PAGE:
This WNBA season has been one of substantial change for Indiana Fever point guard Briann January.
Accustomed to dishing assists to the likes of 30-somethings Tamika Catchings and Katie Douglas, the six-year veteran finds herself surrounded by talented newcomers such as 6-foot-3 rookie forward Natasha Howard and 6-1 swing Marissa Coleman.
Douglas in March was signed by Connecticut, the franchise she broke in with in 2001; Catchings hasn’t played in any of the 13 games so far this season due to a sore back.
Provided every opportunity to be mired in a slump, January has thrived.
She leads the Fever in scoring (12.0), assists (4.8), 3-pointers made (16) and free throw percentage (.857) and is second in steals (1.6).
Potential WNBA All-Star numbers, to be sure. However, January isn’t consciously lobbying to be part of the annual summer showcase, scheduled for July 19 in Phoenix.
“There’s been so much going on with all the new people on our team that it’s not been a focus of mine at all. I just really try to step up for my team and fill the pieces that we need filled in,” January said.
“We’re trying to get wins. It’s a great honor if I was to be selected, but we’re looking for a championship.”
January’s durability is another major factor in Indiana’s 6-7 start.
The 5-8 guard endured an ankle sprain during practice June 2. January sat out her team’s 64-61 victory at Washington four days
later, but was back in the starting lineup June 7 for a game at Connecticut.
Indiana coach Lin Dunn said January was playing at an All-Star level prior to the sprain.
“Bri was really, really playing at a high level. To be honest, I think the ankle was worse than she let on. She’s tried to play through it, but it’s affected her rhythm with her shooting. She’s still getting good looks, but she’s not knocking them down quite like she was,” Dunn said.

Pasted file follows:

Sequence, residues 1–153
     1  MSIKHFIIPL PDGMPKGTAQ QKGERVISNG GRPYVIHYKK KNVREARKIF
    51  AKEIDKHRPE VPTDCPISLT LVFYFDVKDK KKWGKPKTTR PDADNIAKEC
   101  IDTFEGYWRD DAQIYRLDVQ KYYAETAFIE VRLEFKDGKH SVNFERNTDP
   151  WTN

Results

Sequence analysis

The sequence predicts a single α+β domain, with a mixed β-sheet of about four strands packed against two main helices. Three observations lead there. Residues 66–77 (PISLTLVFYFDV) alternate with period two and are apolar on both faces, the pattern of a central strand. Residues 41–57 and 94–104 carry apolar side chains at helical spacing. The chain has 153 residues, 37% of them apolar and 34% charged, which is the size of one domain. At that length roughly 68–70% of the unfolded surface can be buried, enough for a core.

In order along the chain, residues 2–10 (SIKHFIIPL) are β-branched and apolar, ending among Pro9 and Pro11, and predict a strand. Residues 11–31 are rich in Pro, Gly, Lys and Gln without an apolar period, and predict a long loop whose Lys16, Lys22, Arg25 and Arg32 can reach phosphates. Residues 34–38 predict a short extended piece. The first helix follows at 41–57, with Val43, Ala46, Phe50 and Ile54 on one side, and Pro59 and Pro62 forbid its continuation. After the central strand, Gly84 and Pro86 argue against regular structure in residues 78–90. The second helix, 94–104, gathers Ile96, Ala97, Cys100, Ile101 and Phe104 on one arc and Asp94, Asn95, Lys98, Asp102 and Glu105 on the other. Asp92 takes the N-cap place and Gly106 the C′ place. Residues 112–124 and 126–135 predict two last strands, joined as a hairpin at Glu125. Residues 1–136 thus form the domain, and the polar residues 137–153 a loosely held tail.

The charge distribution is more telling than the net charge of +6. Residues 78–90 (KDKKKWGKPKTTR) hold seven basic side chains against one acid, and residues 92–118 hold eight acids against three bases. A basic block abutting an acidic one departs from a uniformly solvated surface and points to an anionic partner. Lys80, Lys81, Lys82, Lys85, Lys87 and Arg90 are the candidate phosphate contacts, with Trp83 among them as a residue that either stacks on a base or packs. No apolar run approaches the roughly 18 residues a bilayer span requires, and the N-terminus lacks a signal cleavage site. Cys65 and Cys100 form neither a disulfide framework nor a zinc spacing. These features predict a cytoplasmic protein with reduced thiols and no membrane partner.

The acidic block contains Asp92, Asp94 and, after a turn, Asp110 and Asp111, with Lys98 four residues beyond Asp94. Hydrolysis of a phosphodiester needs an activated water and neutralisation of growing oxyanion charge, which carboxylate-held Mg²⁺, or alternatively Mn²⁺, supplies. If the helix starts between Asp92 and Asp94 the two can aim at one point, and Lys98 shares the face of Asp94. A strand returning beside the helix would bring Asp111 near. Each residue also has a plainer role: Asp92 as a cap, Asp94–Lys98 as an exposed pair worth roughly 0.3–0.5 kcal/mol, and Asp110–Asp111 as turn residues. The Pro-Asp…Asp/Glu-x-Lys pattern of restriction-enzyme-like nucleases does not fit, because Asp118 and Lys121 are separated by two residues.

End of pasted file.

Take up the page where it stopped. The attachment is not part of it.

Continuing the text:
“We just have to be patient with her and know that it’s going to take some time. Most people with the ankle sprain she had would’ve just not done anything for two weeks. They probably would have been in a boot, and a couple of days later she’s trying to play.”
January since the injury saw her numbers slip with a 5.2 scoring average in her first four games. She’s since bounced back with a 16-point effort in a loss at Minnesota on June 22 and 11 more in the Fever’s 107-102 overtime loss to Tulsa at home Wednesday night.
Prior to the sprain January had put together a five-game stretch where she tallied 20 points on three occasions, drained 14 of 19 3-point attempts and averaged five assists. Impressive considering six of the current roster’s 12 players weren’t on the team last season.
“We are in constant growth as a team. It’s so new and it’s so different for a lot of us who have been here before. We’ve been a very veteran-laden team, and it’s the little things that you kind of take for granted when you have the Tammy Sutton-Browns or the Katie Douglases. It’s just been constant teaching and constant reviewing,” January said.
“The thing about this team is everyone is willing to learn, and I’m really happy with where we are and how we’ve progressed thus far. We’ve shown progress every game. That’s all you can ask for.”
January has also had to cope with the absence of best friend Jessica Davenport, the Fever’s former backup center who, over the winter, decided to retire from the WNBA.
“My buddy. I miss her so much. (Devenport) is from Ohio and lives there, so she’s come over to visit me a few times. But it’s been tough. She brought me balance on the court. When I was going up and down that was one person I could go to and get centered again. She was always there for me,” January said.
“But my teammates have been awesome this year. You can probably tell we’re just a really tight-knit group.”
Those within the Fever organization will be thrilled if January must soon book a flight to Phoenix in order to take part in what would be her first WNBA All-Star Game.
This includes Dunn, who from her front-row chair sees past the statistical data to observe the bigger picture.
“I still think Bri having an All-Star season. She’s certainly deserving. She and (Erlana) Larkins should definitely be All-Stars. If they’re not elected by the fans they need to be elected by the coaches,” Dunn said.
“It’s very disruptive when you have more new people than you do old people, and this is the first year we’ve had that happen in a long time. We kept our seven, eight, nine and maybe even 10 people the same for four or five years. Bri understands that process. She’s been here long enough to know it takes time.”